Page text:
♦ Specify high-efficiency motors.
♦ Employ variable frequency drives (VFDs), where appropriate.
♦ Design piping systems to minimize turbulence and associated parasitic frictional loss.
♦ Specify lubricants (especially viscosity) to minimize parasitic frictional losses that result from boundary contact or churning losses.
♦ Manage compressed air/gas leaks, steam-system leaks, and pressurized-liquid leaks. (Note: Managing leaks offers additional environmental benefits.)
♦ Employ precision mechanical alignment and balance practices to minimize parasitic frictional losses that result from excessive vibration.
♦ Properly tension V-belt drives to keep belt slip to less than 2%.
♦ Keep machines properly oiled and greased to minimize parasitic frictional losses.
♦ Ensure proper voltage, current, resistive, and inductive balance in electric motors, and maintain high-quality electrical circuits to minimize I2R losses and heating.
♦ Operate equipment within its acceptable stress range.
♦ Routinely monitor and inspect machines to ensure the above conditional goals (and any others that apply) are met.
Keep in mind that managing Scope 2 losses with proactive and precision equipment care will naturally increase the life of your plant’s assets, thus reducing your Scope 3 GHG emissions as a byproduct.
THE BOTTOM LINE
Climate change is real and it’s caused by GHG emissions. Nearly one-fourth of these emissions are directly or indirectly caused by industrial plants and facilities. The demand for industrial companies to reduce their GHG footprints is not going away—in fact, it’s rapidly increasing.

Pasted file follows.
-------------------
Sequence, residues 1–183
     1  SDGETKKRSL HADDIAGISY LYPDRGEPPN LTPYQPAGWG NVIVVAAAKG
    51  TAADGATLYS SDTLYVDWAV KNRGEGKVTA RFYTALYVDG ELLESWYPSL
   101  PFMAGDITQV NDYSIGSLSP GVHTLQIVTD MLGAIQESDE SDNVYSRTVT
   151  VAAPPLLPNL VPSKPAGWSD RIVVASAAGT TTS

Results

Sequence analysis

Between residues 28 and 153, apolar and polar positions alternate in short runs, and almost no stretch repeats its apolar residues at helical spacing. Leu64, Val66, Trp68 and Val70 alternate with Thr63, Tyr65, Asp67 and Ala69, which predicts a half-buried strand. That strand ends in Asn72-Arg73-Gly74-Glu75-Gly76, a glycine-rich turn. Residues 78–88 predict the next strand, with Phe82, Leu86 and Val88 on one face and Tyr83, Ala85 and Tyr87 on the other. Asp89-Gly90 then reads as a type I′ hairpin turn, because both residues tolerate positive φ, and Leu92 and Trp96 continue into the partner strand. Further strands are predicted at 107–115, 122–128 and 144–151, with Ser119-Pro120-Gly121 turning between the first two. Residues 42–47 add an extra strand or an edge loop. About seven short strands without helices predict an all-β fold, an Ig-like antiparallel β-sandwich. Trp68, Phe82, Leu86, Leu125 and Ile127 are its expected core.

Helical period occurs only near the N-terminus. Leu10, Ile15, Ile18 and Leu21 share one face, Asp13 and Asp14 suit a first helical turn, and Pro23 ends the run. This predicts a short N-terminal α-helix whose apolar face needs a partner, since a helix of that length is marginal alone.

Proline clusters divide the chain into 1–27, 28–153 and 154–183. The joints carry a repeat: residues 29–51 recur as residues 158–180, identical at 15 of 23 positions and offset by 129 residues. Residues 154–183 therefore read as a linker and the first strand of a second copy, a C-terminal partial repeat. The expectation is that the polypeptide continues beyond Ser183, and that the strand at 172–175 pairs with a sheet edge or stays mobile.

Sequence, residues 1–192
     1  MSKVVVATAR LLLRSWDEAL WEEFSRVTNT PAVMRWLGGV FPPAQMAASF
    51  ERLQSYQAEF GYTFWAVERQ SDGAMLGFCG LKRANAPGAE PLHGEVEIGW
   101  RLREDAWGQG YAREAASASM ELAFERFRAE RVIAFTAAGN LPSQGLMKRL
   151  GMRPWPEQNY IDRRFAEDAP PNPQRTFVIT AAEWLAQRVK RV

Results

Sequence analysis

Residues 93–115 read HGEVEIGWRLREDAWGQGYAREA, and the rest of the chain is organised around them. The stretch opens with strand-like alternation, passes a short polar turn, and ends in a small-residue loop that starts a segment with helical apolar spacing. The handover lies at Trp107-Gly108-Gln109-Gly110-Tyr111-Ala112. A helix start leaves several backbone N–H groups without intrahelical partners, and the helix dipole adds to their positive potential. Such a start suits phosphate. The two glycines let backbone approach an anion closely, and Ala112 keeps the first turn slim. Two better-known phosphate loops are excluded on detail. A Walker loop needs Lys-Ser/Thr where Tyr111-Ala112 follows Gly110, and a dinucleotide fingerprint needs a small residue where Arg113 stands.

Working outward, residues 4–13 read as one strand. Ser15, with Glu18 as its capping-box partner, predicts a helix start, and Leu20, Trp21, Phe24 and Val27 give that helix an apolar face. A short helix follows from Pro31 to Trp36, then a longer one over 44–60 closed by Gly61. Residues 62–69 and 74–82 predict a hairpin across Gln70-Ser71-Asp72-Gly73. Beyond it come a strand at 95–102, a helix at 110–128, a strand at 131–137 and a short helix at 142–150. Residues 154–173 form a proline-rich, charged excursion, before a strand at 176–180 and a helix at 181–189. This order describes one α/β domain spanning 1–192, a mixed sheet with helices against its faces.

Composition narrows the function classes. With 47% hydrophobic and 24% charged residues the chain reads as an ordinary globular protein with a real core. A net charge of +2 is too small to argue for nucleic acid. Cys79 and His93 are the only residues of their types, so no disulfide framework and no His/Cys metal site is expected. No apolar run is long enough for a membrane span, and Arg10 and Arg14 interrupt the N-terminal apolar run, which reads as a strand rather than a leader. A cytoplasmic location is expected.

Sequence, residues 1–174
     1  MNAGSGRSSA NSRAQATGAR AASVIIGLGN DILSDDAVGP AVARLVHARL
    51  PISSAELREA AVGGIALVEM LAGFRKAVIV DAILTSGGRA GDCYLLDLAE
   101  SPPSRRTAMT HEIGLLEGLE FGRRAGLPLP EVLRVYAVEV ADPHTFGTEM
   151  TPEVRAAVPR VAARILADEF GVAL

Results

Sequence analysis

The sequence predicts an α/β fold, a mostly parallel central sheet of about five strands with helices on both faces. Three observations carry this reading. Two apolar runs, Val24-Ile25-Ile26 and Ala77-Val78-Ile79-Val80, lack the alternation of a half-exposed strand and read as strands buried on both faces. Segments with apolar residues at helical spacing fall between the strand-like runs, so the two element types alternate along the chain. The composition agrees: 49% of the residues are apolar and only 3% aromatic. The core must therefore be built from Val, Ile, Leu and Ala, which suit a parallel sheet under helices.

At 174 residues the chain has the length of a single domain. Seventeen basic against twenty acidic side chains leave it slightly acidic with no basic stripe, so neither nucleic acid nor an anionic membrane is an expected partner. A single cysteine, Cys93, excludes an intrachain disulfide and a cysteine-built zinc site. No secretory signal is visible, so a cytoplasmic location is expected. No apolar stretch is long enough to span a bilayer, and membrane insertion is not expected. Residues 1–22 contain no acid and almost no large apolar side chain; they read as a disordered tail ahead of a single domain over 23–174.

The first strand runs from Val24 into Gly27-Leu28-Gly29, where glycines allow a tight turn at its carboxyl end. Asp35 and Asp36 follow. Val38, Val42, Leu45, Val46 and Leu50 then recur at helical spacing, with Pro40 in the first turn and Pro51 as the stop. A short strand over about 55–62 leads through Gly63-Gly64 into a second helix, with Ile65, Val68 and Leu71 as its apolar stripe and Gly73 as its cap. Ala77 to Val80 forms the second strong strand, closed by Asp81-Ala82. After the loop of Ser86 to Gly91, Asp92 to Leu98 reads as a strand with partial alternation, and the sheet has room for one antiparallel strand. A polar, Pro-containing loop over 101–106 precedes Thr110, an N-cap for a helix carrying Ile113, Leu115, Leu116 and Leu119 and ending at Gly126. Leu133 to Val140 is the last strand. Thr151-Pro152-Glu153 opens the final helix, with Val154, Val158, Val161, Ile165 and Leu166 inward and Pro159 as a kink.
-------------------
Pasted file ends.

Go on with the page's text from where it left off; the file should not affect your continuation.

As I’ve written previously, Environmental, Social, and Governance (ESG) performance is driving a growing amount of investment, particularly for large mutual funds and other industrial investors (see article links below). Unfortunately, a plant’s equipment assets utilize energy that produces GHG emissions. This means those of us working in the RAM arena are responsible for the performance of these equipment assets, including their associated GHG emissions.
The great thing is that lowering your operational GHG footprint will reduce your energy bill and increase equipment life and reliability—an all-around good-news story. So, let’s bring our respective GHG footprints into focus and reduce our Scope 1, 2, and 3 GHG emissions.TRR
Click On The Following Links To Read Two Of The Previous Articles Drew Referenced Above
ABOUT THE AUTHOR
Drew Troyer has 30 years of experience in the RAM arena. Currently a Principal with T.A. Cook Consultants, he was a Co-founder and former CEO of Noria Corporation. A trusted advisor to a global blue chip client base, this industry veteran has authored or co-authored more than 250 books, chapters, course books, articles, and technical papers and is popular keynote and technical speaker at conferences around the world. Drew is a Certified Reliability Engineer (CRE), Certified Maintenance & Reliability Professional (CMRP), holds B.S. and M.B.A. degrees, and is Master’s degree candidate in Environmental Sustainability at Harvard University. Contact him directly at 512-800-6031 or email@example.com.
Tags: reliability, availability, maintenance, RAM, greenhouse gases, GHGs, fugitive emissions, emissions control, environmental safety, environmental sustainability, sustainable manufacturing, energy efficiency, safety, climate change, sustainable investment, ESG sustainability performance